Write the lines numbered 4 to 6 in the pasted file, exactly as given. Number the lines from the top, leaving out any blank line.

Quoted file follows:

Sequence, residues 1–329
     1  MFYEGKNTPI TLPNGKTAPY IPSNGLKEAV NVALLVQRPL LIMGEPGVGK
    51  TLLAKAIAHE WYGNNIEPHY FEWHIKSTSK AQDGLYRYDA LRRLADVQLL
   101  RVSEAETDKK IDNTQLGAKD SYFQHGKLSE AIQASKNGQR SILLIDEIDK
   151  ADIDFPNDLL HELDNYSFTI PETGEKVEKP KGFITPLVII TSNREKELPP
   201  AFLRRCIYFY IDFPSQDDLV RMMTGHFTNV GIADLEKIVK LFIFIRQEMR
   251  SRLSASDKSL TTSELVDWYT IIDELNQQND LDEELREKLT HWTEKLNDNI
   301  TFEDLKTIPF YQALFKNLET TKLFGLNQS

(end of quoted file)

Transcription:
   101  RVSEAETDKK IDNTQLGAKD SYFQHGKLSE AIQASKNGQR SILLIDEIDK
   151  ADIDFPNDLL HELDNYSFTI PETGEKVEKP KGFITPLVII TSNREKELPP
   201  AFLRRCIYFY IDFPSQDDLV RMMTGHFTNV GIADLEKIVK LFIFIRQEMR